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Saturday 18 April 2015



Disenfranchised youth movies became ubiquitous with the rise of punk culture and alternative music in the 70s and 80s culminating in in the slick Hollywood classics of John Hughes. Times Square, an early directorial effort from Pump Up the Volume and Empire Records' Allan Moyle, is a rougher take of the subject. Like those later films, music plays an an important role in the plot.

Nicky and Pammy, two confused teenage girls meet while in hospital where they are both being examined for mental illness. Pammy is the quiet daughter of a New York politician and Nicky is the troubled girl caught up in the welfare system are a series of abuses. Together they run away and form a bond that would ultimately see them become heroes to the youth of the city. Through the help of a late night DJ played by Tim Curry (Rocky Horror Picture Show), they become the Sleez Sisters, a punk rock group that is an outlet for Nicky's inner rage.

The movie is a time capsule of a grimy Times Square that has since drastically changed - you won't be able to make a period film on location anymore. It is thins seedy atmosphere that caused a lot of reviewers to dismiss the film as fantasy - these two girls will not have survived the pimps and drug addicts that populated the area. That's not to say that elements of such depravities don't exist. Pammy takes a job as a stripper in a nightclub (though the 13-year-old actress stays fully clothed) and they choose to sleep in a derelict factory near the river.

The girls form a bond that eludes to lesbianism. In fact the intended cut of the film was far more overt, which unfortunately makes the released film a little disjointed. The scene where Nicky breaks down on the radio pleading for Pammy's help after what appears to be a minor argument comes almost out of nowhere. It's a shame, really as I think this would've helped it gain a reputation as an actual classic rather than a cult one.

Watching the film with the foreknowledge of Moyle's other works, you can see that this plays like a proto-Pump or an early Empire. All three share themes of angered youth, cluelessly corrupt adults and the power music can have on individual expression. The three even share scenes - Nciky's final performance on the rooftops of Times Square echoes Renee Zellweger's number at the end of Empire. If you can imagine Tim Curry's character as a teenager from a decade later and you'll have Christian Slater's Harry Hardon from Pump.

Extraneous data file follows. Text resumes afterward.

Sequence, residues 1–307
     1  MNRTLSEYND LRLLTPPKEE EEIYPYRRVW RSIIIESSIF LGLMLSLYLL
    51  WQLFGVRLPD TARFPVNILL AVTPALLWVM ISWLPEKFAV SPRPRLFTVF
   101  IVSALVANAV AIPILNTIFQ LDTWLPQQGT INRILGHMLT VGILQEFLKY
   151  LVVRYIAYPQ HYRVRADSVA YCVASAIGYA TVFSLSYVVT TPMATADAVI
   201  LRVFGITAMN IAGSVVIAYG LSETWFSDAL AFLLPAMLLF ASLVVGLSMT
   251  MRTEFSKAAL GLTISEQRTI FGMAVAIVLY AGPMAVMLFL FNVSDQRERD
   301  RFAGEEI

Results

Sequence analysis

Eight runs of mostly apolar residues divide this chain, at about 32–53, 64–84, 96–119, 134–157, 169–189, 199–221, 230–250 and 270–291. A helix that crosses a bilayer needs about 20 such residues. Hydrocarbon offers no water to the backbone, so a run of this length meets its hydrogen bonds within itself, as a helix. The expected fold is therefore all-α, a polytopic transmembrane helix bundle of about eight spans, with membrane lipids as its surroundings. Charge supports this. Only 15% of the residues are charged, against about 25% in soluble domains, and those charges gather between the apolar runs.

Where it does differ, however, is in the realism portrayed on screen. All three do have their moments of wish fulfillment but Times Square was filmed on a notorious location with all of the elements intact. The streets of this small part of New York do look intimidating and unsafe, even as the teenagers dance along to their boombox on the sidewalks where pimps, drug dealers, porn shops and hustlers do nothing to hide their activities. It's a poignant juxtaposition that highlights that they are just naive children in a very adult world.

Until recently, this movie did not have a DVD release in the UK although Germany did see  run a few years back. Even America only saw a limited run at the dawn of the format which can fetch very high prices on Amazon and eBay. Thankfully Network have released it on DVD in July last year. It's a barebones vanilla disc with no Blu-Ray version planned but at least it's available.

You can buy the film on Amazon by clicking here or on the image up top or you can take a further look at the trailer below.

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Wrong  Going Postal  12 Angry Men

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